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How to Build a Biological City

Shrimp farms run by the World Wildlife Fund on the outskirts of Hong Kong. Credit Billy H.C. Kwok for The New York Times
Shrimp farms run by the World Wildlife Fund on the outskirts of Hong Kong. Credit Billy H.C. Kwok for The New York Times

Turning Point: A World Bank report concludes that more than 143 million people will become “climate migrants” escaping crop failure, water scarcity and sea-level rise.

When culture and recreation come together communities emerge.
When communities become societies a settlement is formed.
In those realities we inhabit our aspirations of togetherness.

Sustainable cities are like a forest: ever-growing and diverse. In a forest, each branch, each trunk, each tree is unique, blossoming in its own way. Yet everything is connected. Everything in the forest has its role in a cosmic symphony. The city is no different.

The city, too, is an organism, both stable and fluid, static and constantly transforming. Humans are a part of the city’s inner mechanism, just as our cells are a part of us. Streets act as veins, connecting us to a network of life similar to a bio-diverse forest.

So why do we not see our cities, our towns, our hamlets as biotechnological entities? Why do we do not plan and build them in natural ways that reignite the spirit of community, the spirit of a positive participatory culture?

Consider Jaipur, where Maharajah Sawai Jai Singh II ruled in 18th-century India. He envisioned the city as a paradise on earth. Taking into account the constantly changing climate, as well as the movement of the sun, Mr. Singh created a city built around guilds and clusters of sustainable, cooperative housing. As Jaipur cultivated the body, the mind and the spirit, it thrived socially, economically and culturally.

Jaipur recalls the ancient vastu purusha mandala — a philosophy of design that aims to create a balanced and healthy environment. This ancient science shaped most of India’s traditional settlements, where seasonal activities such as festivals and fairs take place. The mandala adapts to totally different climates and places, and, in turn, inspires them.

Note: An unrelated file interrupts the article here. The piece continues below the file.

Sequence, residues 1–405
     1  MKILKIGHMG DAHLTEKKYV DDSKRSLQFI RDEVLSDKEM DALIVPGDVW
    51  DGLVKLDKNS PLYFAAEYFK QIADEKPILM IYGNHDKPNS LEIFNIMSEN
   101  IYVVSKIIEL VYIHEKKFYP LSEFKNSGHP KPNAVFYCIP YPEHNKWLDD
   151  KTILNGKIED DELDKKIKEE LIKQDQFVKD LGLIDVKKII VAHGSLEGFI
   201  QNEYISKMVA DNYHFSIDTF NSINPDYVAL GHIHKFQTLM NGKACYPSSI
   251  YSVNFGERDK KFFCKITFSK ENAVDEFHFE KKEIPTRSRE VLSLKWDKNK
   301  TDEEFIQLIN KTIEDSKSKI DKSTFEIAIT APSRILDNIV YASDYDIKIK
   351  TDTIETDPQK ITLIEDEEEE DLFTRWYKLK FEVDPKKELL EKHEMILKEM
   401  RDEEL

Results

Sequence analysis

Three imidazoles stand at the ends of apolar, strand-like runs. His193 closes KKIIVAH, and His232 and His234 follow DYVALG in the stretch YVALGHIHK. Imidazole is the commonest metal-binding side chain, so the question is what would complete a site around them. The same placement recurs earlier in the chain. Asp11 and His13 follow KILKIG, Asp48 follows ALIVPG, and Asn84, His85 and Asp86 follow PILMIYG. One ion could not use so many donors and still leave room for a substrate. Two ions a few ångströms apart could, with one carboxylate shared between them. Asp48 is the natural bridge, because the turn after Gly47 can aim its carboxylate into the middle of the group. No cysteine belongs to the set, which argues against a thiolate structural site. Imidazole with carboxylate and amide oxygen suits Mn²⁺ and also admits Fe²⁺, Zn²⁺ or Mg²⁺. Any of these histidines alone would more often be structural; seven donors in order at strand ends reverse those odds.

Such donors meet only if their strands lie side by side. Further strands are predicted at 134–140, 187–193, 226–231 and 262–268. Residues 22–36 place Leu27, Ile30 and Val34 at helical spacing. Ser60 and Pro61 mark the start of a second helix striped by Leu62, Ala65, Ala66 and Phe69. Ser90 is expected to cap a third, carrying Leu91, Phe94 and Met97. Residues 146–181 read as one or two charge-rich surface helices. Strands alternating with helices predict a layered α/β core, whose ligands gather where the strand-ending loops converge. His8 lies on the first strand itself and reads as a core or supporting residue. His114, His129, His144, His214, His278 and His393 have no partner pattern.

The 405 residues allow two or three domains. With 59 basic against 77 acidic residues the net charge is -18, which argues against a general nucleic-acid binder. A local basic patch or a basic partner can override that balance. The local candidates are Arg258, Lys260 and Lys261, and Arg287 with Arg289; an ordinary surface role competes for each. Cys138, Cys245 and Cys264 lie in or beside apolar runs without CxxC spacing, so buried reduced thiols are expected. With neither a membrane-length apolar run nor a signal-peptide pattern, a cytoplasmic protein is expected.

Unfortunately, we have since forgotten this soulful approach to architecture and design, following instead the prevailing planning model of big budgets, large-scale structures and isolated behaviors. Consequently, our habitations have become fragmented and we fail to see the city’s infrastructure and life in an integrated way.

Instead of building more megastructures — which constantly consume time, energy, and human and natural resources — should we not follow a more natural, biological approach to architecture that would foster small but comprehensive clusters of settlements and perhaps create a new world?

These smaller settlements would be sustainable and replicable. They would be full of energy and vitality, but they would not grow beyond a certain size. They would possess the same virtues as a bio-diverse network.

Such settlements would not waste time or energy or natural resources. The inhabitants would have global skills and a suitable, fulfilling lifestyle. This, as a result, could help salvage our planet from the present disasters and disparities that spawn anxiety and doubt about the future.

Often while visiting ancient towns and cities, which are socially, economically and culturally well-knit, we are struck by a strange, unexpected silence and slowness. Our desire to push, to achieve, to conquer dwindles, and we think more of how nature connects us and how we can share and revere our intrinsic selves.

In addition to such quietude, other aesthetic measures of settlements include grace, love, compassion and humility. To animate a settlement one must create humble and tender connections, which encourage humans to come together and to share and to feel themselves a part of a larger order, a part of Mother Earth.

In ancient Indian texts, the sthapati (the architect or planner) has to be aware of the sustainable cycles of nature, following the laws of time and energy, just as our ecosystem does. The sthapati is obliged to integrate this natural flow with the lives of a settlement’s inhabitants. This method of interdependent planning allows for cultural activities and social integration. This form of sustainable architecture gives all individuals, regardless of class or creed, the ability to connect with their true natures.

Balkrishna Doshi is the Pritzker Prize laureate for 2018, the first Indian winner of the architecture world’s most prestigious award.

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